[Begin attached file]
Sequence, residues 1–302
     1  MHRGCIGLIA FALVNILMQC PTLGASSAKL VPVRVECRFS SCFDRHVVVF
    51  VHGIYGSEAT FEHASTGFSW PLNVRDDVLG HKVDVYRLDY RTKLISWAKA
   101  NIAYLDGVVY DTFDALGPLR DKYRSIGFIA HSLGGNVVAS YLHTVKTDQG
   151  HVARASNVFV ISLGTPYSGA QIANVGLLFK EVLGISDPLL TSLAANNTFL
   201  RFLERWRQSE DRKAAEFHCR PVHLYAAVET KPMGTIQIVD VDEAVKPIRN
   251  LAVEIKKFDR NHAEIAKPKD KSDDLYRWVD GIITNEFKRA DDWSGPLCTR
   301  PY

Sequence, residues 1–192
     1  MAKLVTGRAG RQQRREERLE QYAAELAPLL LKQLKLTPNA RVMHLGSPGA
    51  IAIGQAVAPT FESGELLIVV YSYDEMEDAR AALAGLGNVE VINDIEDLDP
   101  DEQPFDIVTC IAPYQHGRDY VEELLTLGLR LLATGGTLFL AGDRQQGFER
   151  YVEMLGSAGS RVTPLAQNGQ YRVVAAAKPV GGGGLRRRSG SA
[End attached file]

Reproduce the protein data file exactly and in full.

Sequence, residues 1–302
     1  MHRGCIGLIA FALVNILMQC PTLGASSAKL VPVRVECRFS SCFDRHVVVF
    51  VHGIYGSEAT FEHASTGFSW PLNVRDDVLG HKVDVYRLDY RTKLISWAKA
   101  NIAYLDGVVY DTFDALGPLR DKYRSIGFIA HSLGGNVVAS YLHTVKTDQG
   151  HVARASNVFV ISLGTPYSGA QIANVGLLFK EVLGISDPLL TSLAANNTFL
   201  RFLERWRQSE DRKAAEFHCR PVHLYAAVET KPMGTIQIVD VDEAVKPIRN
   251  LAVEIKKFDR NHAEIAKPKD KSDDLYRWVD GIITNEFKRA DDWSGPLCTR
   301  PY

Sequence, residues 1–192
     1  MAKLVTGRAG RQQRREERLE QYAAELAPLL LKQLKLTPNA RVMHLGSPGA
    51  IAIGQAVAPT FESGELLIVV YSYDEMEDAR AALAGLGNVE VINDIEDLDP
   101  DEQPFDIVTC IAPYQHGRDY VEELLTLGLR LLATGGTLFL AGDRQQGFER
   151  YVEMLGSAGS RVTPLAQNGQ YRVVAAAKPV GGGGLRRRSG SA